Nitrogen is the sole chemical responsible for the production of chlorophyll, amino acids and photosynthesis. Basically, it is  responsible for the growth of the plant, producing the food it lives off of and how healthy the plant is overall. It is the largest element that can travel to any part of the plant. You will first notice deficiency in the lower to middle part of the plant, taking out older leaves first. Yield can be greatly reduced and your leaves will turn violet, Violet and more yellow.

To keep from being confused with a magnesium deficiency, remember that magnesium will turn the entire leaf yellow excluding veins, white nitrogen deficiency starts at the tips and works on the back of leaves. You can also noticeably tell by the reduced growth rate that it is nitrogen. Towards the middle to end of flowering, your plant will experience nutrient deficiency with the yellowing and following of leaves, however, this is normal and should NOT be treated. You need the chemicals to wash out anyways. In rare cases, Nitrogen deficiency can also effect petioles.
Too much nitrogen in plants are dark green with delayed maturity because plants will focus on growing upwards with tall, weak stems. New growth should be very active and plant transpiration is usually high. Nitrogen toxicity is seen in very dry conditions, such as in a drought and leaves could appear burned. Ammonium based nutrients may show NH4+ toxicity, causing smaller plant growth and lesions on stems and roots as well as downward rolled leaf margins, giving a claw look. Tips will point down, though leaves are up and can even be twisted. Roots however are under developing and flowering is delayed, so decreased yields. Water uptake is decreased from vascular breakdown. Both potassium and nitrogen will cause calcium lockout when over supplied. Flush your plant with plain water. Using organic grow mediums makes it easier to deal with deficiencies. When flushing your soil, use an amount of water at least double the size of your grow medium. You may need to carefully shimmy and remove your plant from its pot to get thorough results.
Your plant being to cold will make it harder for your plant to absorb nitrogen. Also, keep your pH around 6-8 in soil grows, preferable under 7 to avoid lockout. Hydro and soilless mediums should be around 5.5 to 8, though under 6.5 is better. Ammonium nitrogen can affect other nutrients and delay flowering, but can be fixed by giving your plant more rational ratios of each main chemical. Chemical or organic fertilizers with nitrogen in them will fix a deficiency.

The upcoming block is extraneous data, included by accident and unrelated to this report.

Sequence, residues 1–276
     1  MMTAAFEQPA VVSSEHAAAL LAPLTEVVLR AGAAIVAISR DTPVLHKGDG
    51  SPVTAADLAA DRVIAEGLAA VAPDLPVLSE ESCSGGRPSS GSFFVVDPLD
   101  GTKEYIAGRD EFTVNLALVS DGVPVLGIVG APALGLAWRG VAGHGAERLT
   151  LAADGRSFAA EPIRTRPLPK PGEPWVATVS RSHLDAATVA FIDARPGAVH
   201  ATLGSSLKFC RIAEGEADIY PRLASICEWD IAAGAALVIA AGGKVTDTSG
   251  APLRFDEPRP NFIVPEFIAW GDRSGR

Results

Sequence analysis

Peters 20-20-20, Miracle Grow, Miracle Grow Tomato are all good for this, though when using chemical solutions opposed to organic, use it at at least 1/2 dilution. To use blood meal 12 0 0 to quickly solve a deficiency,making it into a tea first makes it work much quicker, other wise absorption is pretty gradual and a great source for phosphorous. Other sources include bone meal(0-10-0), cotton seed meal (slow) , insect eating bat guano 10 2 0(fast),etc.

Fish meal and emulsion 5 1 1 is medium speed, worm castings are gradual, seabird guano and crab shell are slow and Fox Farm Grow Big is fast, though can bring down pH. More chemical nutrients include:Humboldt Nutrients (2-1-6), Floragro (2-1-6), MaxiGro (10-5-14), Age old Grow (12-6-6), Floranova (7 4 10), Dyna Gro (7 9 5 ).

Organic nutrients include

Marine Cuisine 10 7 7,Seaweed Plus Iron, Iguana Juice Grow (3-1-3), Pure Blend Pro (3-1.5-4), 30-0.25-0.25 Age Old Kelp, Neptune’s Harvest 2-3-1, Bio Thrive Grow 4-3-3, Mother Earth Grow (1.5-.75-1.5), MaxiCrop Seaweed (1-0-3), Super Tea (5-5-1), Sea Island Jamaican Bat Guano (1-10-.2), Kelp Meal (0.6-0.5-2.5).

Remember, blood meal, dried blood, guano, kelp meal, cottonseed meal, peat moss, sulfur ,fish mealbone meal, rock phosphate, wood ashes and shellfish compost will change your pH

Advertisements